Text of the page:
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Brother and Sister Go to Jail
By Officer Lois Perillo
A 44-year-old woman and her 42-year-old brother were arrested and charged with the robbery of a 75-year-old man within his own apartment on Cesar Chavez Street.
The robbery occurred on Friday, Sept. 3, at about 2 p.m. But the police didn't become aware of it until Sept. 17, when the elder man called me to report an extortion attempt and death threat that day.
Upon speaking with him, I learned that the extortion happened in the aftermath of a home-invasion robbery two weeks before. The elder man said that on Sept. 3 a woman he had known for about two years had brought the robber, her brother, into his apartment. After stealing his money, the duo bound the older man with duct tape and ordered him to stay in his room while they removed the phone line and exited the apartment.
Although he was not physically harmed, the resident was embarrassed by the incident and refrained from immediately reporting it to police. However, when he got a phone call from someone linked to the sister/brother team, who threatened his life if he didn't hand over more money, he dialed my line at Mission Station (see below).
I recognized the name of the female suspect and ran her criminal rap sheet. Then I contacted Inspector Ted Mullins of Night Enforcement, who took charge of the case.
Mullins placed a tap on the elder man's phone and gathered information, which led him to the sister/brother team. The two were arrested Sept. 29 and remain in custody pending their court dates.
Three Robberies with a Gun
A trio of bad guys on foot, one carrying a gun, robbed a total of six people in three separate incidents in September. The robberies were on different days, but all were within a two-block radius and between 10:30 and 11:00 at night.
The first robbery occurred on Friday, Sept. 3, at 10:30 p.m. on 21st Street between Valencia and Guerrero streets. The second happened Saturday, Sept. 4, at 11 p.m. on 22nd Street and San Jose Avenue. The last occurred on Sunday, Sept. 19, at 10:30 p.m. in the 100 block of San Jose, between 22nd and 23rd.
Fortunately, the people who were robbed were not harmed physically. In one case, the police detained a suspect. However, the robbery victim was unable to make a sure identification, so the man was released.
Street Safety Tips
If you find yourself in a similar situation, here are some safety tips:
- Be alert to your surroundings.
- Trust your instincts.
- If you notice suspicious people approaching you, change your path -- go to a neighbor's house, walk into the street, talk loudly, or even run.
- If confronted with a weapon, comply with the robber's request. Consider removing your money and throwing it on the sidewalk.
- Take mental notes of the suspect's looks, clothes, speech, behavior.
- After the incident, be gentle with yourself. You've experienced a great stress to which your mind and body will react. Expect temporary changes in your sleeping, eating, and thinking. This is normal, and will usually recede in two weeks.
- Talk, talk, talk.
In all of the cases I've described here, those who were targeted by robbers "won" because they were able to tell their stories. If you know someone who was involved in a criminal or critical incident, please support them by allowing them to tell their story and heal.
Aggravated Assault with a Sink
On Tuesday, Sept. 7, at nearly 2 a.m., a 39-year-old man who had been drinking beer in the Rover's Inn on 24th Street, stole patrons' money from the counter, attempted to punch the female bartender, and then tore a bathroom sink from its fittings and threw it at the bartender and her patrons. Luckily, he missed and the bar's patrons were able to hold him in the bathroom until police arrived.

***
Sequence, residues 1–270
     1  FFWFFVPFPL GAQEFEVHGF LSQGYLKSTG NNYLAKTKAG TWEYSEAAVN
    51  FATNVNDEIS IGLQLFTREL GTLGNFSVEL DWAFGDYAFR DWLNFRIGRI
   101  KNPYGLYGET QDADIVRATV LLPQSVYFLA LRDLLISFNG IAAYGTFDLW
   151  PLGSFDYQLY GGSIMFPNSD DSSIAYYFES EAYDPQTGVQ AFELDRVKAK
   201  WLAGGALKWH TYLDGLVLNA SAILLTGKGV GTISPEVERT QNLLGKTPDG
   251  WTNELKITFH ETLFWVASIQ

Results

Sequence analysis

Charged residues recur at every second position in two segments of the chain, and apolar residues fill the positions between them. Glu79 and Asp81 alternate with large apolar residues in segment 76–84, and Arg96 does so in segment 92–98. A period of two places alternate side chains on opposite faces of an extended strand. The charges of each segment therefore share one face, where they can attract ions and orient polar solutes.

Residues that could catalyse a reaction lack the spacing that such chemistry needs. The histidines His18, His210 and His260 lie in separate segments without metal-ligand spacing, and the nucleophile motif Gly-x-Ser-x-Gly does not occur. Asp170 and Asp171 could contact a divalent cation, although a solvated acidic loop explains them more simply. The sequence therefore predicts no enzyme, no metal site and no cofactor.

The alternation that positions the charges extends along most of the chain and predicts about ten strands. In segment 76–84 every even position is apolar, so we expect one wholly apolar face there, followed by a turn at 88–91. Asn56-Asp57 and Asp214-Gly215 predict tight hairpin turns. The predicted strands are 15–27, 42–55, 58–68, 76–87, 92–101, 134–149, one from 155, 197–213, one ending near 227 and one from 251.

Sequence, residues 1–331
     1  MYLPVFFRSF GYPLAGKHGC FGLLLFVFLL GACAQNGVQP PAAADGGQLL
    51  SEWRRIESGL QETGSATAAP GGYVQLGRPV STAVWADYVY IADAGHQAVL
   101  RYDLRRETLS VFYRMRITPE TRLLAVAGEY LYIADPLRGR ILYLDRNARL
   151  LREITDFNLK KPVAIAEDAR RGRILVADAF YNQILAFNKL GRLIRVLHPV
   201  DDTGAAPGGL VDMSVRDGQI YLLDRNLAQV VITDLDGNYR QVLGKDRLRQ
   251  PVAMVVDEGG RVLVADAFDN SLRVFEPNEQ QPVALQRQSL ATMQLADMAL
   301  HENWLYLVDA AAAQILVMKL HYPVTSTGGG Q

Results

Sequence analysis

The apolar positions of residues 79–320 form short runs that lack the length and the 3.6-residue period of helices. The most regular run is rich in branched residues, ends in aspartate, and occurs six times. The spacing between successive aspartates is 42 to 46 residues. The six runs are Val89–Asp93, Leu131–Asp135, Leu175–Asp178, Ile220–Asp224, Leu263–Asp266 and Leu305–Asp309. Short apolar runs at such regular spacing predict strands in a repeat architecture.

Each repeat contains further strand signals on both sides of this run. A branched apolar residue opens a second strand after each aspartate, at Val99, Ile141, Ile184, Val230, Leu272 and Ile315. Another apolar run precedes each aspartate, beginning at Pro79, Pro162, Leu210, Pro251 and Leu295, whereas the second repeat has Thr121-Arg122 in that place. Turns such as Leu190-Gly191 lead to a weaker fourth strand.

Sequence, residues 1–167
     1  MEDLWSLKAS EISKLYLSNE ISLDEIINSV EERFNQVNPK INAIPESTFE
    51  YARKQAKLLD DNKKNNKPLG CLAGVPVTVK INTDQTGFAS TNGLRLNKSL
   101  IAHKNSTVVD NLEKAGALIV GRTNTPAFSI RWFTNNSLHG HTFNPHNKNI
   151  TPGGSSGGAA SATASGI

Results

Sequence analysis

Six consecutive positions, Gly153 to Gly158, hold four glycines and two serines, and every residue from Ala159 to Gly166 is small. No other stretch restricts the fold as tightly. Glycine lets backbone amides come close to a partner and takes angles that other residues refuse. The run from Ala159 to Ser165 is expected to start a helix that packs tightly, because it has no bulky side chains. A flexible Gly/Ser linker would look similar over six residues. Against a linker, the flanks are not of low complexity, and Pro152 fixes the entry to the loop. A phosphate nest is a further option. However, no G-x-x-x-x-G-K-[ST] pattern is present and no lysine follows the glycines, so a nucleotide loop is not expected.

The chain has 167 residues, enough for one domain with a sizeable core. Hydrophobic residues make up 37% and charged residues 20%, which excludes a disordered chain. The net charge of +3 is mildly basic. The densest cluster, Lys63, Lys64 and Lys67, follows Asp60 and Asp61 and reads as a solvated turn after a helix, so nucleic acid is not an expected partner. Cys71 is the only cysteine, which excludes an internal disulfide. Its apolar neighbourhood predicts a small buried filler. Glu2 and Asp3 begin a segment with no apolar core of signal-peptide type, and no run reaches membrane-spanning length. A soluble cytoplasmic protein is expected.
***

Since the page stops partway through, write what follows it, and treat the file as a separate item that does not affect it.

When the suspect attempted to fight the officers, he was pepper-sprayed. Paramedics were called to the scene to treat the suspect, who then spat and kicked at the emergency workers. He repeated his violent behavior against the nurses at San Francisco General Hospital.
Upon being medically cleared, the suspect was booked at county jail on two felonies and two misdemeanors. He was held for six days, then released on bail. The district attorney's office later reduced all four charges to misdemeanors, and the sink-thrower remains free pending his court date.
The Women in Blue ... and Red
Yes, once again I packed my bags and headed for the International Association of Women Police's annual training conference. This year, about 500 of us came together during the second week of October in Philadelphia, Pa., to participate in classes ranging from Interview and Interrogation to Crime Scene Investigation to Hostage Negotiation. Opening ceremonies are always a high, since that's the time we don our respective uniforms and march in file, some wearing the red serge of the Canadian Mounties and others the blue wool of the L.A.P.D.
Friends joined me from across the country and around the world. There was Marilyn, a New Jersey state special agent, who was again my roommate; Ohio troopers Mary and Lisa; Seattle motor-cycle officer Deb; Portland lieutenant Michele; and Inspector Mary and Sergeant Pat from Madison, Wis.
Constable Linda came from British Columbia, as did Diana of the Royal Canadian Mounted Police. Izzy, another constable, arrived from London. Sergeants Carrie and Lynnette, Inspector Dolly, and Officer Robin accompanied me from San Francisco.
As always, the time went too quickly. We're looking forward to the year 2000 and our conference in Toronto, Ontario.
Until next month, let's continue to watch out for one another. I'll see you on patrol.
San Francisco Police Officer Lois Perillo covers her Noe Valley beat-- from Valencia to Grand View and 21st to Cesar Chavez -- on foot and on bicycle. If you would like to discuss a crime or safety problem, call her at 558-5404, the community policing line at Mission Station.